Years ago while competing to get my second Dan black belt, I severely damaged my knees. So I decided to try my hand at learning how to box. My first few attempts in the ring ended badly for me; I was knocked out twice, and three times I was so exhausted by the fourth or fifth round that I could not continue the fight. This was quite a blow to my fighter’s ego, and I could not understand why I couldn’t go the distance with guys who had far less experience in combat than I had. After this happened a few times I sought out a veteran boxer to help me find out why, and that was when I discovered something very important. I was approaching my fights with the same mentality with which I had been trained by my masters in Taekwondo, which was “go in, find the other guy’s weakness and end the fight quickly”. This worked well for me when I was sparring in competitions that usually lasted 2 or 3 rounds, but in boxing the fights last much longer and the amount of contact is much higher. My veteran friend explained to me that I wasn’t using my ‘Clinch’. The clinch is a defensive tactic which basically sees a boxer tie his opponent’s arms up so that they become entangled and any attack is rendered ineffective. For those of you who happen upon a boxing match, you may sometimes see boxers hugging during a fight. This is not to show affection; rather it is a boxer who doesn’t have the energy to counter his opponent’s punches tying up his arms in a clinch.
There are usually two reasons why boxers clinch. One is because the boxers are tired and they think they have no other choice. The other is because one of the boxers is getting pummeled and needs to stop the onslaught. … When that’s happening, clinching allows you to break your opponent’s momentum and get some much needed breathing space to gather your wits and some energy with which to continue. The exact same thing applies to real life: Sometimes the pressures of work and life and financial problems get so overwhelming that you are in danger of getting knocked out from the onslaught. At this point I would advise you to clinch your opponent to avoid serious damage to your physical and spiritual health. There are several simple and effective clinch techniques which I have discovered over the years; one of them is to take a couple of hours off and retreat to a corner to pray; another one is to switch off all electronic devices around me and just enjoy the silence. There are other effective clinch techniques as well: pausing work and going for a long walk to clear your head; reading and meditating on your favorite verses of scripture; even focusing intensely on something entirely different from work or business like your children or your other loved ones. These are all clinch techniques that help me take the edge off the pounding I receive on some days when I go to the office, because I know that if I don’t tie up my opponent’s (work) arms I could fail woefully at a critical project or I could suffer some form of physical or mental breakdown. Even an afternoon nap sometimes is a good clinch for work.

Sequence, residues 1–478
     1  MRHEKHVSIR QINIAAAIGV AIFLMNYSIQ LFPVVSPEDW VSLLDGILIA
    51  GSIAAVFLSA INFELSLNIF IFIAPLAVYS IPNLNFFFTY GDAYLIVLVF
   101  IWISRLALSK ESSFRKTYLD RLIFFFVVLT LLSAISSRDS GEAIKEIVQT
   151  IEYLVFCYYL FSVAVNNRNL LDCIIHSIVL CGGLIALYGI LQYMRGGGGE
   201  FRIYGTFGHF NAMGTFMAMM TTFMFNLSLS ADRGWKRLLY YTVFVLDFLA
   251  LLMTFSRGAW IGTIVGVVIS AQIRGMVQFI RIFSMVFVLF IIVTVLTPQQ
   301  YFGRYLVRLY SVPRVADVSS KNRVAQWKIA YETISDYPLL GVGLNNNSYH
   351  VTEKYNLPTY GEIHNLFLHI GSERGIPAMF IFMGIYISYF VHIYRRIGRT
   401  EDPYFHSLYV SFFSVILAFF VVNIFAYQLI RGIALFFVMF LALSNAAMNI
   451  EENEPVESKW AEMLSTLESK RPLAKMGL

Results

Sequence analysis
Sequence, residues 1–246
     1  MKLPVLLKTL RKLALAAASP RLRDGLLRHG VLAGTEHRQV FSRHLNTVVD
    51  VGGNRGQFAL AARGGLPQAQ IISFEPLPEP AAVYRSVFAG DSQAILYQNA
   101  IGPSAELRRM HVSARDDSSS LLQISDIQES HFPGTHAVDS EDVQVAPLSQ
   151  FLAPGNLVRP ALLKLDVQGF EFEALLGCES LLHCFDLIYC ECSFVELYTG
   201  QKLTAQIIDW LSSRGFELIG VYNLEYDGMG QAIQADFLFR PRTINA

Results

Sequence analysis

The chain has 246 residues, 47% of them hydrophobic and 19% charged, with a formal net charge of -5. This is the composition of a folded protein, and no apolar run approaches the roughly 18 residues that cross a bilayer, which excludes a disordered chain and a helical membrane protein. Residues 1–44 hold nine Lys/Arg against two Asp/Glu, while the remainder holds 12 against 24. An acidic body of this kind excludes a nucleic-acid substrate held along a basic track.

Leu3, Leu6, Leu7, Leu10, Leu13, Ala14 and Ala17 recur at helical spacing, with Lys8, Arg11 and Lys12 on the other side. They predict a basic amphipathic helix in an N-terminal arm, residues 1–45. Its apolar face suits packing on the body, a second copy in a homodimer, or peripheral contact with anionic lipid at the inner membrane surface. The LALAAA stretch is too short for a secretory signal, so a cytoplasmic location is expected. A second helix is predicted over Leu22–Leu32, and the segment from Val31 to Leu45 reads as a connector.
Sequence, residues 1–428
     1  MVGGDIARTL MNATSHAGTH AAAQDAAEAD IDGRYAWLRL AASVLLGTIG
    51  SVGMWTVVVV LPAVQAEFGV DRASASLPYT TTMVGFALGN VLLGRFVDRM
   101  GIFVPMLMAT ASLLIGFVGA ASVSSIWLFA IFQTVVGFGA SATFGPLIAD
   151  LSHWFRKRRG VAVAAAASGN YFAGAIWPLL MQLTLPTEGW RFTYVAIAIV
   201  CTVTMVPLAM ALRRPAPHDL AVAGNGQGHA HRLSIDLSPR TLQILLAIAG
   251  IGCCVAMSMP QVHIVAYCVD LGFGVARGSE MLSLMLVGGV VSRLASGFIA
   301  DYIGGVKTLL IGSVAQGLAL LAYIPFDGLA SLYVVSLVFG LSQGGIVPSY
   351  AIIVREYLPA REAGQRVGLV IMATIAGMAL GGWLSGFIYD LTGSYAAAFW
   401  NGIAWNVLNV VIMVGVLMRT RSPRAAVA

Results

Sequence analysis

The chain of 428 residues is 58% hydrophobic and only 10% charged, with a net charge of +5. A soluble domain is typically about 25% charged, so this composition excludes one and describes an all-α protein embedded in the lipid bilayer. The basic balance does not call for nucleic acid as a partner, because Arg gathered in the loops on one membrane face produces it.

Whatever form of mental or spiritual clinching you employ, be sure not to do it too often so that you won’t become lazy and complacent and lose the fight. Mohammed Ali used one of the most effective clinching techniques against a near invincible George Foreman and won what experts billed as an impossible fight. You too can use effective clinching to beat impossible odds in life, because you are built for success…just learn to pace yourself. Cheers! Check out my other content on www.ifeanyiubawords.com, and subscribe to my You Tube channel The 360 Degree Mastery.